The Consumer Electronics Show in Vegas has always been an exciting time for us tech geeks, but it seems that celebrities are getting in on the fun now too! At last year’s event, Lady Gaga teamed up with Polaroid to announce a paparazzi-worthy new collaboration. The first product to be born out of this creative partnership was a co-branded printer, which later turned up on a number of best-of lists (not to mention gift lists!) CNet went as far as to say that it "made mobile printers sexy again.”
At that same convention in Vegas, we also saw appearances by rapper 50 Cent and his entourage, announcing their new Sleek by 50 headphones, and this year welcomed teen heartthrob Justin Bieber, who was there promoting TOSY Robotics’ new robot.
While little purse dogs and stunner shades may have been the celeb must-haves of the past, the current and future generations of Hollywood elite are embracing technology whole-heartedly, with stars like Miley Cyrus, Lindsay Lohan, Hugh Grant and Justin Timberlake often spotted out and about touting their iPads and smartphones.
Other examples include the press conferences for Sony and Yahoo – which recruited Tom Cruise and Seth Rogen in the past and will feature Will Smith and Tom Hanks this year – Ashton Kutcher and Nikon, and Blackberry and spokesmen like Adrian Grenier and Common.
Although celebrities are all over the tech world, the jury’s still out on how effective some of these business alliances really are. Of course a celebrity contingent brings increased visibility and media attention to the brand, but it can also bring drama, as well as scepticism from consumers. 50 Cent’s headphones debut failed miserably after the deal fell through only a few months after he introduced the headphones at CES.
One incredibly successful example, however, would be Beats by Dr. Dre – a partnership comprised of record executive Jimmy Lovine, audio gear company Monster Cable Products and hip-hop mogul Dr. Dre. The product’s retail sales raked in an estimated $50 million for fourth quarter 2009, and the Beats line is now involved in a number of innovative crossover deals such as incorporation into a $2,300 HP laptop and Chrysler’s redesigned 300 sedan.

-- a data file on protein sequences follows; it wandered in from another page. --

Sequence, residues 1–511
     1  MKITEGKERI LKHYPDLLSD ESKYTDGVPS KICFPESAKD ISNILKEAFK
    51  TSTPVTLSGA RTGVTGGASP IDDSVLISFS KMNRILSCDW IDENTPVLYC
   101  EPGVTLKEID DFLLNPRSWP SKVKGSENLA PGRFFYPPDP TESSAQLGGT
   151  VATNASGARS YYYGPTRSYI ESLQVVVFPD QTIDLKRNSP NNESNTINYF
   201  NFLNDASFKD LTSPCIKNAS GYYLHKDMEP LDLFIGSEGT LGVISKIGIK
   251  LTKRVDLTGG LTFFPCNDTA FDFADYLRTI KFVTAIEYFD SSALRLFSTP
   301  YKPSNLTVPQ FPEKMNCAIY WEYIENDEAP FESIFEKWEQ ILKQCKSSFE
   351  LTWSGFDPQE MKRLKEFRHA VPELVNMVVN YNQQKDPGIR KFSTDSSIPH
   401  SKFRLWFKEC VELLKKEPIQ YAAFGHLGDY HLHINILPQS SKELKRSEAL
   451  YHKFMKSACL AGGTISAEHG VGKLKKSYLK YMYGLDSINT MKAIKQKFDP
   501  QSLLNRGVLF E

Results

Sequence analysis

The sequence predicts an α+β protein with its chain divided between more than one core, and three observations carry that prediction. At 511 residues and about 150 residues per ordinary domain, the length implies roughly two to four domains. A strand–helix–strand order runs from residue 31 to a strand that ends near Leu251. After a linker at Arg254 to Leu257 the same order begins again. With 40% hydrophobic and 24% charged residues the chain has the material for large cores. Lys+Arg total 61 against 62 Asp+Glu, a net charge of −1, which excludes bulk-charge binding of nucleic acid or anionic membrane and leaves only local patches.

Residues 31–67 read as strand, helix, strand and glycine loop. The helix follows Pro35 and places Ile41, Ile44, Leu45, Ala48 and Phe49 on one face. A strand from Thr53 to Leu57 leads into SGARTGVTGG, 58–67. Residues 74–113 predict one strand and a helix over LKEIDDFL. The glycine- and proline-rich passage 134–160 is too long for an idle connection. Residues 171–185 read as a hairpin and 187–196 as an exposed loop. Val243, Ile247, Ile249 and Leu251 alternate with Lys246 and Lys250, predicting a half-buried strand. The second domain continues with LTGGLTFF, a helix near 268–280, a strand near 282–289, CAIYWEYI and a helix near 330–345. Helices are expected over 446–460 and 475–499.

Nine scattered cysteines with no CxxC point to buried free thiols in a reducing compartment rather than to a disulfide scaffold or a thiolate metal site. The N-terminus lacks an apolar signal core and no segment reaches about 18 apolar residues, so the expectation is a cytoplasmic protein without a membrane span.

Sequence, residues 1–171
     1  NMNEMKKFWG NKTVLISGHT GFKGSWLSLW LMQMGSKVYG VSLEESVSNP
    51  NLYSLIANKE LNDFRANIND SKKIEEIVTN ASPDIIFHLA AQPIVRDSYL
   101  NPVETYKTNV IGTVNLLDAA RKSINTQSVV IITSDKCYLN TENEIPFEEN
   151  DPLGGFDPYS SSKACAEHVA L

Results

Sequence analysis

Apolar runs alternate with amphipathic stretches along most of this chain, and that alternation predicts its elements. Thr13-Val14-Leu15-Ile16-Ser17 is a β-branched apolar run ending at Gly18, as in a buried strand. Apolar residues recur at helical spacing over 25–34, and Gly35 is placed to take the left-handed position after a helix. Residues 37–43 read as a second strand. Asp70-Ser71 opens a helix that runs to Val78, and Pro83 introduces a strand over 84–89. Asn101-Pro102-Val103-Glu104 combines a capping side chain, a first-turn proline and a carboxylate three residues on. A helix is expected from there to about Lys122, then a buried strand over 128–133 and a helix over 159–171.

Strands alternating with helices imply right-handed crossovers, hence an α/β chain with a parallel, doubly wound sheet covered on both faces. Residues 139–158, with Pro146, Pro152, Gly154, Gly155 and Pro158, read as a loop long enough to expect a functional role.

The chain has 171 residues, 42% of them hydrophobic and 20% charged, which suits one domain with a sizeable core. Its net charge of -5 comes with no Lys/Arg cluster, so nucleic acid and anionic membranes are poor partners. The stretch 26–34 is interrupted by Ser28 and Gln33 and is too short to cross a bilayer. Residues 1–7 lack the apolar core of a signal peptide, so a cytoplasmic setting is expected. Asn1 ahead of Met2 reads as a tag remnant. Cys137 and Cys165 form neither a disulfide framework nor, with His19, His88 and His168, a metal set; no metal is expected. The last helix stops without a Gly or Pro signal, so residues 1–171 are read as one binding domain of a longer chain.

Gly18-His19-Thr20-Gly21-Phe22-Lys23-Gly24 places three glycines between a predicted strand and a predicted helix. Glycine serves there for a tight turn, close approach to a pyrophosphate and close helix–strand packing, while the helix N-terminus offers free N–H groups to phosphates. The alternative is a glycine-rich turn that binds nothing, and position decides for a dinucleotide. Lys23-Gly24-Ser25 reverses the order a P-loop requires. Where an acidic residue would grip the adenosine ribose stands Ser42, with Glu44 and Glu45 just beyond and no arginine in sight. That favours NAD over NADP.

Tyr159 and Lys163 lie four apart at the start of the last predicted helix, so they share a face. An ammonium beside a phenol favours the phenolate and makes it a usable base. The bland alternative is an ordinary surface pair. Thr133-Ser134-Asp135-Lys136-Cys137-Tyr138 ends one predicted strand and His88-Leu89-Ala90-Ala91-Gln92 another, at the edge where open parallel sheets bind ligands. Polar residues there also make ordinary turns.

"CES has become the Super Bowl of tech marketing,” said David Schwab, managing director of Octagon First Call, a company that helps brands assess celebrity value for ad campaigns. "Like brands use athletes to launch products at the Super Bowl, tech companies are doing the exact same thing with stars at CES.”
The recipe for success in these celeb-tech collaborations? The products have to be quality – a famous face will only get you so far if you’re putting out a crap piece of technology. The link between celeb and gadget should also make sense (for example, Michael Jordan’s association with sneakers).
Finally, as mentioned earlier, we consumers aren’t as daft as some of these companies would like to think – "Consumers know when somebody’s stuck a name on a product or when they’re really invested in it,” says Brian Nohe, president of SMS Audio. The level of involvement by the star speaks volumes. So if the company is hocking the product as being "designed by” or "created by” the celebrity, as opposed to just slapping their name on it, it will have a far better chance at success.
Despite 50 Cent’s first failed segway into the technology industry, he’s back this year and has followed the above formula for success by developing his own product via SMS audio, a company in which he now owns a majority stake and serves as CEO.
50’s headphones aren’t just cool either, there’s a tie between SMS and Feeding America, with the company donating portions of proceeds from the headphones sales to the domestic food bank, much like 50’s energy drink line, which contributes to the U.N. World Food Program.
As cool as all of this is, we have just one concern – isn’t CES crowded enough already without adding those who are just there for the celebrity sitings?